Dr. Kamber's hand was on his shoulder, but Neil wished that Vestal were here...And Sophie. And Mary Woolcape.

Robert was blubbering. Oldest of Dr. Kenneth's children, he was yet the most childish and most likely to run to his father with troubles, even after he had himself become a father. He was an overgrown farm-boy, awed and afraid now, and Neil realized what his announcement of Negro kinship must have done to this simple, loving and mercenary family-man.

Then Robert Hearth, the undertaker, arrived, and from that second till the coffin sank in the January earth, the two Roberts took charge of everything. They were so much alike: equally solemn, equally efficient in the superb accomplishment of utterly childish ends, equally sure that it must be a comfort to Dr. Kenneth in the coffin to have a little, clean soft pillow under his head.

And equally certain that Neil had killed him.


The once lean and hearty face of his father at the funeral had been painted to a horrible semblance of a waxwork pretty-boy. Neil edgily wondered if the dainty padding of the coffin, displayed through the open trapdoor at the top, thriftily stopped there, and he hated the whole sparkling business of death without annoyance to friends & family; hated the two whispering Roberts, whose stately manner said, "Grieve not—see how bravely we take it—costs surprisingly low—24 hr. service."

They both managed to make Neil feel like a stranger, here in his father's house.

His mother was only a wisp of fog, she was quiet, she did not sob, she would not take advantage of her one great day and show off. She humbly did whatever the two Roberts told her. They were so manly with her, and so obliging in their butterfingered offers to take from her a burden of sorrow that neither of them could understand.

What most flattered the two Roberts was the attendance of both Mayor Fleeron and Ex-Mayor Bill Stopple, hats in hands, looking politically at Neil with an unworded leering promise that they would let him off for today.

And the coffin lay in the center of the parlor, and there were strangers all around, people who, Neil could have sworn, had never seen Dr. Kenneth before, and the frescoed figure in the coffin seemed waiting, and they all seemed waiting, sitting around on hired chairs, and there was a stink of improbable massed flowers, and over Dr. Kenneth's crayon portrait hung a black pall hastily cut out of an old air-raid curtain. But the two Roberts had failed to put away Dr. Kenneth's corncob pipe, which still rested on top of the piano, the only thing there that was honest and not waiting.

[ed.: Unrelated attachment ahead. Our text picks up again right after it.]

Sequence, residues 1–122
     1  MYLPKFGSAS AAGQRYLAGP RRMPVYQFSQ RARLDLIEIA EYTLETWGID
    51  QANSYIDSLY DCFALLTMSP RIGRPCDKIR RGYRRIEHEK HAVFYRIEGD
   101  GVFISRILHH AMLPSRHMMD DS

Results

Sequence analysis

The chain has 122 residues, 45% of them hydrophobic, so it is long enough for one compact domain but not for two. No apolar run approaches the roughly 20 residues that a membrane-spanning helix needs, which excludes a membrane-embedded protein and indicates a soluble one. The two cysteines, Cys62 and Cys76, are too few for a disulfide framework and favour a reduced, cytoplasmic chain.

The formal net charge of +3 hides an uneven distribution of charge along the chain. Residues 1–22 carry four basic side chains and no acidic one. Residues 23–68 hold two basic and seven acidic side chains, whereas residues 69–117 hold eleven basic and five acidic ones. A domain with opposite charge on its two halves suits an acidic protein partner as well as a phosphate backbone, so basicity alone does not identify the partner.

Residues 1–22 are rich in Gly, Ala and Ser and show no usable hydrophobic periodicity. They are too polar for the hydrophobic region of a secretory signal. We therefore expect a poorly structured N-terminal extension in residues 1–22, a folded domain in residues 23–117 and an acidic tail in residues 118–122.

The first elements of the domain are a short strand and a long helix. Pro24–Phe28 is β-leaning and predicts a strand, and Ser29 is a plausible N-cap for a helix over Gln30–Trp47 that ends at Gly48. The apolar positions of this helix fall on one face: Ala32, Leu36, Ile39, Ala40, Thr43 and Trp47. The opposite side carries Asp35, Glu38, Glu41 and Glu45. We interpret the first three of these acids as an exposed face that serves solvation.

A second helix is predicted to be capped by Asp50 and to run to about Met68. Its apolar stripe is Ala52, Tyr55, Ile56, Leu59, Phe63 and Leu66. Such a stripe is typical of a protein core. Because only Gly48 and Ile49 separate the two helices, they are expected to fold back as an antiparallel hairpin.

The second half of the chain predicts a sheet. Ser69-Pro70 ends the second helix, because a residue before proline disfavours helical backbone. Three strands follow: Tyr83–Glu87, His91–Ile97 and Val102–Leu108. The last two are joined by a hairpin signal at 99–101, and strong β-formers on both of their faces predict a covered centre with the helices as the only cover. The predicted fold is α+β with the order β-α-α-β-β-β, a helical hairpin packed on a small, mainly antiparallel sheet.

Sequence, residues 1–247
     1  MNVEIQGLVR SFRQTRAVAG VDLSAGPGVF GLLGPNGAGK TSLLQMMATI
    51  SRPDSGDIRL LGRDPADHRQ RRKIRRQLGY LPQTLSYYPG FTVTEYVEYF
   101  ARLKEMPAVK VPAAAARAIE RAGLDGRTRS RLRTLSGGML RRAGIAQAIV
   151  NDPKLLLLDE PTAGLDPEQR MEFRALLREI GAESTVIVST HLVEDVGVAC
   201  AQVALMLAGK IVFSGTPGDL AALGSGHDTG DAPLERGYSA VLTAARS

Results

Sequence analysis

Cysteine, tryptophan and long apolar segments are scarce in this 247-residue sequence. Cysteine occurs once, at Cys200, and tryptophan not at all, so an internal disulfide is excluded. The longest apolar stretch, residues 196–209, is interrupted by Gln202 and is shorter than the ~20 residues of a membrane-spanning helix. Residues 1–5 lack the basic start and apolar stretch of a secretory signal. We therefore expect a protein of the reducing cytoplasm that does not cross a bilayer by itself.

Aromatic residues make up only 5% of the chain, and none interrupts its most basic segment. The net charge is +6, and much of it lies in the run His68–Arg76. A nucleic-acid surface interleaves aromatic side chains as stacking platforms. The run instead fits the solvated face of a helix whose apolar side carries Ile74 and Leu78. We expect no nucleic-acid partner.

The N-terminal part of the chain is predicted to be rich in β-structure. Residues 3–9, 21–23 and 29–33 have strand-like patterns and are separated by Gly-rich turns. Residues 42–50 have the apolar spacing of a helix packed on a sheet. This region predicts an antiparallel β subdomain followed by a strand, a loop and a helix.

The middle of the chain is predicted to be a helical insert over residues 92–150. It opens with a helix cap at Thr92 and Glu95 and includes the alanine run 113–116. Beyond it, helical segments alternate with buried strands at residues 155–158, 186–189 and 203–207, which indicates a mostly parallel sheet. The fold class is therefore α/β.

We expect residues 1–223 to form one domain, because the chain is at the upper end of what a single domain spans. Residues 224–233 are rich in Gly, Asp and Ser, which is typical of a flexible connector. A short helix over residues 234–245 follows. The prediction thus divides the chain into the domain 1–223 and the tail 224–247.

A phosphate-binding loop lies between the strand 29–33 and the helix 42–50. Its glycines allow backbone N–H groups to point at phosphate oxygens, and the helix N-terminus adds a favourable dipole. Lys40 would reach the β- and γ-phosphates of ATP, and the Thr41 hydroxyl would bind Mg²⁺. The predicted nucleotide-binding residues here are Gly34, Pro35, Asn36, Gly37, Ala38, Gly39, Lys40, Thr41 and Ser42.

Robert Hearth pontifically raised his hand, and Robert Kingsblood raised his hand, and turned to his mother, who now first sobbed. The pall-bearers looked self-conscious as they moved in like automata. Among them were Cedric Staubermeyer and W. S. Vander, the neighbors who most hated the reborn Neil.

At no time did any of the attendants speak to him, and they only bowed to the blank, polite Vestal and the interested Biddy.

The coffin, sloping as it passed down the front steps, slowly moved out of the house. Then Neil first understood how final was death. This was the last time when his father would ever use these steps, up and down which he had trotted, so fussily, so happily, for so many years; and on this last passage, he could not go by himself. He had to be carried, and he could not look back at the house one last time.

Hearth ushered them to their proper places in the funeral cars, in a complicated order of court precedence as though Death were a monarch touchy and demanding of propriety. There were words between Alice Whittick Kingsblood and Kitty Kingsblood Sayward as to which of them ought to sit with Mother. Robert Hearth solved it soothingly, with a brisk bland piety that said, This too shall pass away and you will be surprised and gratified by the reasonableness of my bill.

The cars, when they started, all had their lights on, to indicate that this was a funeral. It was by state law an offense punishable by fine to cross the line of the procession, lest Dr. Kenneth's feelings be hurt.

Then the coffin was swaying up the steps into the Sylvan Park Baptist Church, and Dr. Shelley Buncer, in Geneva gown, was waiting as though he had never played rummy, but always in shadowy cloisters had meditated upon the resurrection. His sermon was consoling, and he promised all of them that they would soon see their friend again, but he did not seem excited about it.